One is tempted to define the genre of Gert de Graaff's movie as `event of the thought' following the example of Merab Mamardashvili. The nominal storyline is a certain Bart Klever's torturous quest for that ephemeral substance which constitutes the essence of personality. The script for his new movie is taking shape simultaneously on his computer and in his own imagination. This film-monologue originated as a response to Fellini's `8 ½' and cost Gert de Graaff 13 years of work. Excitedly playing with real and fictional characters as well as with the audience, it reveals the whimsical interconnection of the real and imaginary, the paradoxical co-existence in two different galaxies: that of Guttenberg and that of MacLhuen. For some time we are apt to side with the script writer, who believes that the cause of all misfortune is the damned stereotypes of mass mentality (`man', `catholic', `window washer'). And together with him we fall into a trap when the author-creator is finally faced with the insoluble dilemma: how can one eliminate from the future movie. Bart Klever? Just five minutes before the finale thanks to the common petty reproaches of the wife of the creator, who is deeply immersed in work, we realize that together with the main character we have again been `framed'. Really, what is the price of the art for the sake of which it is acceptable to renounce one's own name and the day-to-day care for the young daughter?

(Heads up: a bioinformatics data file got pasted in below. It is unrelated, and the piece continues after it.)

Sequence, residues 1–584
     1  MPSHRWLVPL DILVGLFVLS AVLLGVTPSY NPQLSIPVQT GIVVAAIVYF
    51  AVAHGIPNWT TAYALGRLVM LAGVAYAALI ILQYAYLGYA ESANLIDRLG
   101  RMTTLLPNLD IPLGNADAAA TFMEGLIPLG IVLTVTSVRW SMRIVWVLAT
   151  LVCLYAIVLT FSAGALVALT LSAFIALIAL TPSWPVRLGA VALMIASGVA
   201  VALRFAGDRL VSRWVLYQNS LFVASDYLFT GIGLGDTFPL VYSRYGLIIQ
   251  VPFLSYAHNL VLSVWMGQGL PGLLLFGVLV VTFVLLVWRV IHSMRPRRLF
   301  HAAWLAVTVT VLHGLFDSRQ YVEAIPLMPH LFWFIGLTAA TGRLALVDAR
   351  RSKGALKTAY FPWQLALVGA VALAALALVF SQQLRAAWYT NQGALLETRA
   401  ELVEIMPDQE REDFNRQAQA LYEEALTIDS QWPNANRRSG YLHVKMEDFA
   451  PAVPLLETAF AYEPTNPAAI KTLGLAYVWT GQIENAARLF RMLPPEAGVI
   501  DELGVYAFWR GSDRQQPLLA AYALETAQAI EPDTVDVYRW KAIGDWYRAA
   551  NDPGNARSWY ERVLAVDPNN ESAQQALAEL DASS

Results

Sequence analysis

So who is he, this Bart Klever? Is he a brilliant prophet or someone possessed like Frenhoffer from Balzac's masterpiece (just like the latter the script writer in the end erases from the computer memory everything has written)? Gert de Graaff suggests that we answer this question ourselves.